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Let {$g_{n}$}be a bounded sequence of functions on $[0,1]$ which is uniformly Lipschitz. That is, there is a constant $M$ (independent of $n$) such that for all $n$, $|g_{n}(x)-g_n(y)|\leq M|x-y|$ for all $x,y\in [0,1]$ and $|g_{n}(x)|\leq M$ for all $x\in [0,1]$. Then I have the following two questions:

(a) prove for all any $0\leq a\leq b\leq 1$, $$\lim_{n\rightarrow \infty } \int_{a}^{b}g_{n}(x)\sin (2n\pi x)\,dx=0. $$ (b) prove that for any $f\in L^{1}[0,1]$, $$\lim_{n\rightarrow \infty } \int_{0}^{1}f(x)g_{n}(x)\sin (2n\pi x)\,dx=0.$$

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This is the Riemann Lebesgue lemma. Smooth functions that vanish at $\{a,b\}$ are dense in $L^1[a,b]$. Combine this with integration by parts to conclude. –  copper.hat Dec 30 '12 at 22:34
    
Thanks for reminding me of that, yes, that make sense, but we don't prove it before, so I wonder if there is some other elegant proof without using that? –  user53800 Dec 30 '12 at 22:40
    
Yes, I was wondering about that. Nothing jumps out at me, except perhaps you could estimate the integral between the zero crossings of $\sin$, and use the Lipschitz constant to show the limit is zero? This would prove b) for simple $f$ and the conclusion follows from the DCT? –  copper.hat Dec 30 '12 at 22:49
    
I think that if you can give me some details that will help me more, thanks a lot. –  user53800 Dec 31 '12 at 0:41

2 Answers 2

up vote 3 down vote accepted

There is a discrete analog of "integrate by parts to kill the periodic term". Namely, "translate by half-period and cancel". Like this: $$\int_a^b g_n(x)\sin (2n \pi x)\,dx = - \int_a^b g_n(x)\sin (2n \pi (x+1/(2n))\,dx \\ =- \int_{a+1/(2n)}^{b+1/(2n)} g_n(y-1/(2n))\sin (2n \pi y)\,dy $$ The right hand side is nearly the same as $-\int_{a}^{b} g_n(y)\sin (2n \pi y)\,dy$: the discrepancy of intervals of integration contributes $O(1/n)$, and the difference of integrands is also $O(1/n)$, due to the Lipschitz condition. Conclusion: $\int_a^b g_n(x)\sin (2n \pi x)\,dx = O(1/n)$.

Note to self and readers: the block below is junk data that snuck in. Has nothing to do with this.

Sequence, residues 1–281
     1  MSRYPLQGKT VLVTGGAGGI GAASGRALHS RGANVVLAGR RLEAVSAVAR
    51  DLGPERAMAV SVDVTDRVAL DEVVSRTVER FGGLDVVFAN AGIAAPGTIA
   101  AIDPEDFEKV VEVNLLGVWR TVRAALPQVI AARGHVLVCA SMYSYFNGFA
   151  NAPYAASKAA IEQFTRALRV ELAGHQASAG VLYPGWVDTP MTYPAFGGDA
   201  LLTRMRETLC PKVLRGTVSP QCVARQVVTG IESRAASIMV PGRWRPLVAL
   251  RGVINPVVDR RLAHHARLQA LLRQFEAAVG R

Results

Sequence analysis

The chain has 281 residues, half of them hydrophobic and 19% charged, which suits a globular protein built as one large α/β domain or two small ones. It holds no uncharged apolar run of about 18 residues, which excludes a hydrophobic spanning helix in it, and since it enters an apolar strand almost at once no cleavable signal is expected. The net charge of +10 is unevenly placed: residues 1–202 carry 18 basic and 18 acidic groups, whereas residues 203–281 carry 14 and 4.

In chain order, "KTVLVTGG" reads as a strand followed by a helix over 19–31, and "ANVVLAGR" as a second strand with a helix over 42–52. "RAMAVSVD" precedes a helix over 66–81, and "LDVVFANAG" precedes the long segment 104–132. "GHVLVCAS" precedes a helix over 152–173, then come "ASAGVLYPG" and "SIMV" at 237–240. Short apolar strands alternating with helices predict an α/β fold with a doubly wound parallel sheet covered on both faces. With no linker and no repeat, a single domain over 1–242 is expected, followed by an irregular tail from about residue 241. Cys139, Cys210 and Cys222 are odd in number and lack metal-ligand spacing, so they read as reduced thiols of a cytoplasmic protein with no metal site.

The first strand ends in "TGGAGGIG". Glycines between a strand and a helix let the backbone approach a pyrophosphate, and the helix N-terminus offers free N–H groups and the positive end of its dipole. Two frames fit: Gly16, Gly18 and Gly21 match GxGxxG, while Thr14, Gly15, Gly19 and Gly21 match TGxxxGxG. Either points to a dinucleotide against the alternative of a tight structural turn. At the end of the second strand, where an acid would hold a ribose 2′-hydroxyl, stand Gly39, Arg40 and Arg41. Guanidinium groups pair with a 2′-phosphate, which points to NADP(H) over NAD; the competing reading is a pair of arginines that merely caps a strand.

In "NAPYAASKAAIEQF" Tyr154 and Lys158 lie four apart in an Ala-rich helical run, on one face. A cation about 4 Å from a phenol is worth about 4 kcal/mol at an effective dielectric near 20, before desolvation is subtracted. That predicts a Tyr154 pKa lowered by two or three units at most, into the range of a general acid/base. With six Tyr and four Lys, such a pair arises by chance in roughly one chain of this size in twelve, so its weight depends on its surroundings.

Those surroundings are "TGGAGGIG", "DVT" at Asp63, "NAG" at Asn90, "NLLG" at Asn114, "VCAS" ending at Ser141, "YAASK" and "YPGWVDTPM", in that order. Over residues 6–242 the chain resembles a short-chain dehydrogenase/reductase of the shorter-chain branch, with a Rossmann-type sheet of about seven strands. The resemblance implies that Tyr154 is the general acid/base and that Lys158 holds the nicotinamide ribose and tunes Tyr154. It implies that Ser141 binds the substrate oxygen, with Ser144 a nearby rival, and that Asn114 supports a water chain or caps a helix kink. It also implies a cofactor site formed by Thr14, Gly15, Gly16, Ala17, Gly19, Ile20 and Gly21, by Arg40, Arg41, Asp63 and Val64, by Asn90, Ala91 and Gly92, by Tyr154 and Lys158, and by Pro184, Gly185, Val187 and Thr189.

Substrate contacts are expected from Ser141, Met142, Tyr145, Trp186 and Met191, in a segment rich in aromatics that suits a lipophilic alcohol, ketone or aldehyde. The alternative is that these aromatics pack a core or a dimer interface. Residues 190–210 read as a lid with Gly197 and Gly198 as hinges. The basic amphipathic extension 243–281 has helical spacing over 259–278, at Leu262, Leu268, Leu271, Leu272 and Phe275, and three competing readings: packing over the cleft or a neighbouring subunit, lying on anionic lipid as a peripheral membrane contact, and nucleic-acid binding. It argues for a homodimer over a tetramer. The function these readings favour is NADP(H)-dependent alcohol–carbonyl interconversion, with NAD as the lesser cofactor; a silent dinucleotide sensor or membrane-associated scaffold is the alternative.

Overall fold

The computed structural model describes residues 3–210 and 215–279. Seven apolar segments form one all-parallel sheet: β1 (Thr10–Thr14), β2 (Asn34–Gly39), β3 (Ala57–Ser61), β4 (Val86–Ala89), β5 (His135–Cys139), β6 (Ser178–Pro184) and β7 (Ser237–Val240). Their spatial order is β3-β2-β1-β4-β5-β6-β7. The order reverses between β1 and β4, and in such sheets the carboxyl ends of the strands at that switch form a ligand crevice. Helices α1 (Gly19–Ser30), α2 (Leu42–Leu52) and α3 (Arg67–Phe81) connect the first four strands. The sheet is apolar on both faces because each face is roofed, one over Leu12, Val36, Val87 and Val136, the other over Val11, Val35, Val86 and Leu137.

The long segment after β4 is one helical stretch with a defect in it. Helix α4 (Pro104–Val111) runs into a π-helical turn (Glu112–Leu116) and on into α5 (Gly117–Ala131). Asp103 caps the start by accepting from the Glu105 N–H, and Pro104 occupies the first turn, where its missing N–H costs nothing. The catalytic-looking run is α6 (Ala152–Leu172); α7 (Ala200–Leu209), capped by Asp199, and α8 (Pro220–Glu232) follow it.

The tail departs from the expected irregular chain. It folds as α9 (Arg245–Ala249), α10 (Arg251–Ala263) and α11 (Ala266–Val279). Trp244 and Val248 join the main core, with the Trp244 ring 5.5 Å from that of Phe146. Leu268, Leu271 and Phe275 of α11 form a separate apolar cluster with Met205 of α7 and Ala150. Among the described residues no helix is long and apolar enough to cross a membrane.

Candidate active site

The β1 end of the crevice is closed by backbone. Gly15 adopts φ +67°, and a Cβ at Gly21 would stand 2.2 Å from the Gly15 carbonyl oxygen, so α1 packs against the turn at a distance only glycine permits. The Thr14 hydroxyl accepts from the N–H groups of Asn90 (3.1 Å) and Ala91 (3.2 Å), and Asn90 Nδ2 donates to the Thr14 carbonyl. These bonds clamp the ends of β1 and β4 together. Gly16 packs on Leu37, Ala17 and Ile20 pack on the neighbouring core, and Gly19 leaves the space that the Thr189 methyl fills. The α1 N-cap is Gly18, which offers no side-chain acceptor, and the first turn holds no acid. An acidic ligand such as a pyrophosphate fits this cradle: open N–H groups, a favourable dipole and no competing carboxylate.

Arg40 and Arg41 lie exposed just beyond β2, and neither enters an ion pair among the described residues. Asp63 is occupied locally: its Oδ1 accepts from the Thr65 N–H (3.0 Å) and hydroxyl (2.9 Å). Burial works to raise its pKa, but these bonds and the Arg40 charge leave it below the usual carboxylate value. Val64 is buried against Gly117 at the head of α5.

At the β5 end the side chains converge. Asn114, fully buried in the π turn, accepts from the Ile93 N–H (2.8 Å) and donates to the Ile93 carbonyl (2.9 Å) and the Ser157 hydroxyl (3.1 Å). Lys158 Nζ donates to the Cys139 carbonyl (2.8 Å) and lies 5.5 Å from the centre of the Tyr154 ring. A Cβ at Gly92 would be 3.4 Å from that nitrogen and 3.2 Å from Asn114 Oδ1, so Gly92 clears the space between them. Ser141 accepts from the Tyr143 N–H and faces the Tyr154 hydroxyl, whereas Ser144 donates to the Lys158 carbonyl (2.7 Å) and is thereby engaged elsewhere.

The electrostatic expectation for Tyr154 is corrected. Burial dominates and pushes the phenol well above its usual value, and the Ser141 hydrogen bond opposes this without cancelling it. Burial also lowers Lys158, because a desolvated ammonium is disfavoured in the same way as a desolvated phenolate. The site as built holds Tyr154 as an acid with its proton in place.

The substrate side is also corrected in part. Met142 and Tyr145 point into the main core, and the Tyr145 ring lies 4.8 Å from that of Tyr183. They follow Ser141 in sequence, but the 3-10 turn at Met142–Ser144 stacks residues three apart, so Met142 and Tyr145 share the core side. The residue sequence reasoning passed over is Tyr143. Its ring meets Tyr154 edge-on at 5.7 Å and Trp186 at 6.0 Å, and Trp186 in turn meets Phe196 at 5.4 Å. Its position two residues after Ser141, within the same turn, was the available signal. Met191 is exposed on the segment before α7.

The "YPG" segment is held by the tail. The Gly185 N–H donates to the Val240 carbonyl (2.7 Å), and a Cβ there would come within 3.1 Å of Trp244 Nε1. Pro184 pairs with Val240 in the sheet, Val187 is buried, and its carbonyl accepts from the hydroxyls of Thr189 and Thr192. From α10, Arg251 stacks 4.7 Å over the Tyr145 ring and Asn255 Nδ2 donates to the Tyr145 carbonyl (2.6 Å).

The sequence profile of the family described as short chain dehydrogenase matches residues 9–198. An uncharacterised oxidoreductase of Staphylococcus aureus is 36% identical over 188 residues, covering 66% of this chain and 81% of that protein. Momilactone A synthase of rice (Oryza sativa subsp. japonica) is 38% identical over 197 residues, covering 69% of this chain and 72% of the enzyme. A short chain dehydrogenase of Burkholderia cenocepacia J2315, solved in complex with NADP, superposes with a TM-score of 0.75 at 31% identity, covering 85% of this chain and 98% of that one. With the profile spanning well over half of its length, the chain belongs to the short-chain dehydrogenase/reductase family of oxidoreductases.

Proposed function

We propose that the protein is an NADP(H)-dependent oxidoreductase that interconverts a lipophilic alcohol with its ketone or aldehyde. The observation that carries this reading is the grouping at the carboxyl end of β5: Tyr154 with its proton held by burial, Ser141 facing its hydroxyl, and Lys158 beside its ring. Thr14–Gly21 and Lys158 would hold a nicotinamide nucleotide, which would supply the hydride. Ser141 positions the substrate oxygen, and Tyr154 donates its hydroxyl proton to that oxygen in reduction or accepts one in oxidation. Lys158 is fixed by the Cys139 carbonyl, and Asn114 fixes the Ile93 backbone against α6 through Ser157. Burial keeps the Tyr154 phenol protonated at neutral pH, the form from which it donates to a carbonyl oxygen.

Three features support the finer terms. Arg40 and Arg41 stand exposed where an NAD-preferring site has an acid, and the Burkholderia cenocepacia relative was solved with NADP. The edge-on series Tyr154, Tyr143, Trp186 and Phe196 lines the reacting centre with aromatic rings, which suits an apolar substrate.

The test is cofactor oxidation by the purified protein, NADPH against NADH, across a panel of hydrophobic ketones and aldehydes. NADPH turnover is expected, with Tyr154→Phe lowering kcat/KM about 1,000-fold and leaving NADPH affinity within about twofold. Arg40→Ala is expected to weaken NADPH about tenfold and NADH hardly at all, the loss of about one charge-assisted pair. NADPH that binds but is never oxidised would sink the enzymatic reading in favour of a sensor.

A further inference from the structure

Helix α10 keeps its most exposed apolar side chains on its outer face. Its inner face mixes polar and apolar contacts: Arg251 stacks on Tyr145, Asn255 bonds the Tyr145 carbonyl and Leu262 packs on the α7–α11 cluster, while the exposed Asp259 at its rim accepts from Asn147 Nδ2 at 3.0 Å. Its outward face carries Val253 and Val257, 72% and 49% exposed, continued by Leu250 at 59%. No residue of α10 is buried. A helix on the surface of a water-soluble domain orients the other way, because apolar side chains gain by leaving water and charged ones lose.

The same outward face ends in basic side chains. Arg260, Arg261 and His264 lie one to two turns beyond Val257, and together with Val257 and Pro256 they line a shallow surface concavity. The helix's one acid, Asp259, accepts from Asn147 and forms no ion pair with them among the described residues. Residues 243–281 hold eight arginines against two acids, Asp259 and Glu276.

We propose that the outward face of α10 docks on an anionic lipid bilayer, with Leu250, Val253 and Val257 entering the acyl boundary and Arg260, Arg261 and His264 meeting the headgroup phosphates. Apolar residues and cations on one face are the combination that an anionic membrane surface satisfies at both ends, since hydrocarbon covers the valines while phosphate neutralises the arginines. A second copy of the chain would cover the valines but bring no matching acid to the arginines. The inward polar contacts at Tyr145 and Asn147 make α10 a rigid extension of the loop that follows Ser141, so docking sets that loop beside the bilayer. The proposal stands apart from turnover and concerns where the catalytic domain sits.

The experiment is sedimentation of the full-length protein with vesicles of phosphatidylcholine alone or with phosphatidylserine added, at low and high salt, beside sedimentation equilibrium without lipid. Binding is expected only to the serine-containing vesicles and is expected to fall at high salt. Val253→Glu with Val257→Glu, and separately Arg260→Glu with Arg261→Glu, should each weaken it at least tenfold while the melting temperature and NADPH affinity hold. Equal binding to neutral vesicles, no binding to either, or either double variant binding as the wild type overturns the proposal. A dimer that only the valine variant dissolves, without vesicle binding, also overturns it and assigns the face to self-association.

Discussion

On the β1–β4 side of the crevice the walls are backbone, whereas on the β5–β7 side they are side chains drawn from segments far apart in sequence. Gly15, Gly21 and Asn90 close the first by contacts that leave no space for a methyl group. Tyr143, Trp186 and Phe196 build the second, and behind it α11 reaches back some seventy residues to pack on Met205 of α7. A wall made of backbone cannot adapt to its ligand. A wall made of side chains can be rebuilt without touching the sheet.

I'll leave it for you to adapt this to (b). You'll need the usual "estimate the difference of products" trick, plus the fact that translation is continuous in $L^1$: $\|f(\cdot)-f(\cdot+1/n)\|_{L^1}\to 0$ as $n\to \infty$.

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Thanks very much, I have already got all the proof, it's a elegant proof. Your hint and explanation is cool! Can you tell me how do you come up with such an idea to translate by half-period and cancel? :) –  user53800 Dec 31 '12 at 13:29

Here's an alternative proof of (a):

Since $g_n$ is Lipschitz, it is absolutely continuous, hence differentiable a.e. with $g_n' \in L^1[0,1]$, and $g_n(x) = \int_0^x g_n'(t) dt$. Let $\phi(x) = g_n(x) \frac{\cos(2 \pi nx)}{2 \pi n}$. We have $\phi'(x) = -g_n(x)\sin(2 \pi nx)+g_n'(x) \frac{\cos(2 \pi nx)}{2 \pi n}$. Then $\phi(b)-\phi(a) = \int_a^b \phi'(t) dt$, which gives $\frac{1}{n}(g_n(b) \frac{\cos(2 \pi n b)}{2 \pi}-g_n(a) \frac{\cos(2 \pi n a)}{2 \pi}) = - \int_a^b g_n(x)\sin(2 \pi nx) dx + \int_a^b g_n'(x) \frac{\cos(2 \pi nx)}{2 \pi n} dx$. Rearranging, and using the fact that $|g_n(x)| \leq M$, gives $|\int_a^b g_n(x)\sin(2 \pi nx) dx| \leq \frac{1}{2n\pi}(2M+\|g_n'\|_1)$, from which the desired limit (a) follows.

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